Driving more casually gives opportunity to appreciate the A 250’s beautiful interior. I know BMW does a good job with quality, as does Audi, all the Germans being leaps and bounds ahead of the sole Japanese contender in this class, but Mercedes is the absolute king of bling inside. The A-Class has a drop-dead gorgeous cabin, starting with its two-in-one MBUX digital gauge cluster/infotainment touchscreen that provides such brilliantly crisp and sensationally colourful graphics it’ll take your breath away.
The driver’s display allows each user to choose a design that suits their personal style, all of which are more vibrant than anything I’ve seen from the competition. The integrated multi-information display is as full of functions as anything in this class too, providing loads of discoverable options to keep the love alive long after the initial excitement of purchase might otherwise subside.
The attached infotainment display is a touchscreen, as noted, and therefore fully capable of tablet-like tap, swipe and pinch gesture controls, depending on the function being used. I should also note that Mercedes provides a redundant infotainment controller on the lower console that’s easier to reach when sitting back in the driver’s seat. It includes a touchpad that works identically to the touchscreen, other than providing haptic feedback, plus is surrounded by a number of quick-access switchgear for immediate access to regularly used functions. Yet more infotainment redundancy can be found on the steering wheel spokes, so Mercedes has you covered no matter how you want to integrate with the MBUX system.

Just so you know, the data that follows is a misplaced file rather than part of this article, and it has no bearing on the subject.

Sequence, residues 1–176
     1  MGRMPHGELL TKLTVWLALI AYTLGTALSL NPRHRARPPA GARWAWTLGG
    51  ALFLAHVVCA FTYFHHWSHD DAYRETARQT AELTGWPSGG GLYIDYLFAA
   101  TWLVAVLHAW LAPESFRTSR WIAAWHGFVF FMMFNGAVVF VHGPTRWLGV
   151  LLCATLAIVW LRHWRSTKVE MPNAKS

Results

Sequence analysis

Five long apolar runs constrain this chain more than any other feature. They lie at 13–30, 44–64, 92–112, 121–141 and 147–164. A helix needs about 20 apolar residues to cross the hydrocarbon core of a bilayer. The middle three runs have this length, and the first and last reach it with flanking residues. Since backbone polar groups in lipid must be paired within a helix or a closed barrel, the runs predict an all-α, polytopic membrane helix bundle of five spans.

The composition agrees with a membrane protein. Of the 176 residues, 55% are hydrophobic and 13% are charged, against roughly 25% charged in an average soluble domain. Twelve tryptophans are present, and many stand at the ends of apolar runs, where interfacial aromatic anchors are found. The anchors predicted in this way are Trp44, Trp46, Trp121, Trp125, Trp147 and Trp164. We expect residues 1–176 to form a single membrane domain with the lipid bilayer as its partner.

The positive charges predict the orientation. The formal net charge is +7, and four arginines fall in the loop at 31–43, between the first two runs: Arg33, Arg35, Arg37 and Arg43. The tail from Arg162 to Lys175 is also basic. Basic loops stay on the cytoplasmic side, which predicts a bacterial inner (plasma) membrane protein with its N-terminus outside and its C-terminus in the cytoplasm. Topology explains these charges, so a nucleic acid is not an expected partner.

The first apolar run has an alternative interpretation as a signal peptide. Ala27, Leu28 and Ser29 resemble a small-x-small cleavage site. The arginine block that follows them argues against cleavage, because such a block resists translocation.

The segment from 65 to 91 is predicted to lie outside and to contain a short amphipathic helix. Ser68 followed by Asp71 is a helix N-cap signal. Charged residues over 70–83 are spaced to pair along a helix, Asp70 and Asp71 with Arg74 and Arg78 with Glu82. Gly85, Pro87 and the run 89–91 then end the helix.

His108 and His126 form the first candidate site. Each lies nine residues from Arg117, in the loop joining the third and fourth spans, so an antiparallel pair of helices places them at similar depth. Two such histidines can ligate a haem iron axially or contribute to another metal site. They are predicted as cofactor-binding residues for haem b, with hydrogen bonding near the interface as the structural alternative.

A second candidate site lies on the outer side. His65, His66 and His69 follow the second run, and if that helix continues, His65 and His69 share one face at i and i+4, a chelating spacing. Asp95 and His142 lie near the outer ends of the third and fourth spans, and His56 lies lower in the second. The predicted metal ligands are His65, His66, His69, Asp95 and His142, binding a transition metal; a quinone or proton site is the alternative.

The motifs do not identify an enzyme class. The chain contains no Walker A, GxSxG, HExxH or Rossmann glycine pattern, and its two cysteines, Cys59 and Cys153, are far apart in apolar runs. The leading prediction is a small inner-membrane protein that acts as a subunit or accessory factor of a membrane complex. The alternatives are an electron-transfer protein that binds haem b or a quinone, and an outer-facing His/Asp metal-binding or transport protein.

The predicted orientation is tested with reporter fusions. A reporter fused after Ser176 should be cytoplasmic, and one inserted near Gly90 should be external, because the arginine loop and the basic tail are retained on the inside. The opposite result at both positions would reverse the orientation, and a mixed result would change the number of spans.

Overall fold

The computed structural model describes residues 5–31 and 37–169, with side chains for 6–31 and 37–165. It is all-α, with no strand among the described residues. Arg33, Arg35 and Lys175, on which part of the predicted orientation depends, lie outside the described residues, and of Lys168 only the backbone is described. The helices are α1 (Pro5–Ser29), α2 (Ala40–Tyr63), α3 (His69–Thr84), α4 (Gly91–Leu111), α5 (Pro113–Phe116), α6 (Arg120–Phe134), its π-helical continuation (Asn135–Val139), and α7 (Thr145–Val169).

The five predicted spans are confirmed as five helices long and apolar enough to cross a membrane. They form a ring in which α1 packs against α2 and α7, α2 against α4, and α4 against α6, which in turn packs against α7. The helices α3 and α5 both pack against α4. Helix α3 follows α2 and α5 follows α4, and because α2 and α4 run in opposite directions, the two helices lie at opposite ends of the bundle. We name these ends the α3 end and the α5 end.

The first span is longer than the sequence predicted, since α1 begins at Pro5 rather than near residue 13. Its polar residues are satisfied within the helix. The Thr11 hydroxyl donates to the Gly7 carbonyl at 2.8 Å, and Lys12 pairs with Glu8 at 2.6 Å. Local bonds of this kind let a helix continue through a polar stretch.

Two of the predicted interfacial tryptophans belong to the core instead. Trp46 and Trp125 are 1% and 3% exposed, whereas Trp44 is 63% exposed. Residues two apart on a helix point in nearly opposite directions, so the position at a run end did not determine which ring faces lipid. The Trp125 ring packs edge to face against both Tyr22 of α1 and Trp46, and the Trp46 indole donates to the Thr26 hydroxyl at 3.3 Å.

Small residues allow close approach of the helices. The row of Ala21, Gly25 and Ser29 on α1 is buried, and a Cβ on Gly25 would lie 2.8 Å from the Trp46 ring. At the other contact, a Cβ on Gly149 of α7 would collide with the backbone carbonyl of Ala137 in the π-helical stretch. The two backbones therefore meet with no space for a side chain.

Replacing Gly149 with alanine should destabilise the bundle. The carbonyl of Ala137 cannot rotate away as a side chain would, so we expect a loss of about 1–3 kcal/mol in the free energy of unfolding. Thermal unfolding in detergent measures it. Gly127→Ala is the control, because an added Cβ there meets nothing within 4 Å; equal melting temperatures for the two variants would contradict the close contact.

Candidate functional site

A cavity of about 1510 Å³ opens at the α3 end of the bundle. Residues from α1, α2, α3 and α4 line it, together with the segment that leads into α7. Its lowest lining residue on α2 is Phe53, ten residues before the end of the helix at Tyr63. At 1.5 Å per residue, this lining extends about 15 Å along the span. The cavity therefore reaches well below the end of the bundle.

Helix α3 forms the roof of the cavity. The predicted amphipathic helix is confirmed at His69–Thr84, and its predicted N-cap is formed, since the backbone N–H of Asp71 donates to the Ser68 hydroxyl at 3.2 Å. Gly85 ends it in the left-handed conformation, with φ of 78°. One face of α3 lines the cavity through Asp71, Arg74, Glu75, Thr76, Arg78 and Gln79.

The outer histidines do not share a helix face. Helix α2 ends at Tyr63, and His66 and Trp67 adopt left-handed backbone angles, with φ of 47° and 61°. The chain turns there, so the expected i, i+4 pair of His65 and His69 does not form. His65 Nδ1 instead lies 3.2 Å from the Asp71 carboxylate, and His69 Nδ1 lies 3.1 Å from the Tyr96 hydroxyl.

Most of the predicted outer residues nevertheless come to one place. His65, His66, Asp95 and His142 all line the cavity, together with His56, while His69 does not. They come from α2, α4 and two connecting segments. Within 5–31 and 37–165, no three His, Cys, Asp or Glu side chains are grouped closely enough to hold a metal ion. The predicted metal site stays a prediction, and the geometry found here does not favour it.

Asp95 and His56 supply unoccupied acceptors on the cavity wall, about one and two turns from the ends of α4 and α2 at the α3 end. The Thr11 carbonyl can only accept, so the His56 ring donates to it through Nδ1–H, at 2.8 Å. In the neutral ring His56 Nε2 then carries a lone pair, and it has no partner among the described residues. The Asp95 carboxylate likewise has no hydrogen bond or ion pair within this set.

The infotainment monitor is just as high in definition as the driver’s display, by the way, and includes all the expected features when moving up through Mercedes’ checklist of options. What this means is you’ll need to spend more to get features that might come standard in cars from the Asian brands, such as Android Auto and Apple CarPlay smartphone integration which, believe it or not, come as part of the $2,950 Premium Package.
There’s a lot more in that package that you’ll most likely want, including a wireless device charger, proximity-sensing keyless access, ambient lighting, an auto-dimming centre mirror and driver’s side mirror, power-folding exterior mirrors, blind spot assist, vehicle exit warning, live traffic info, a Connect 20 Mid audio upgrade, and get this, a digital instrument cluster, 10.25-inch central media display, and MBUX extended functions, such as an automatic front camera that warns of stationary obstacles (even cars ahead when pulling up to a stoplight), or a similar feature that does the same thing when a pedestrian is walking across a crosswalk. This said, the ultra-wide combined displays I made such a fuss about earlier, are not standard.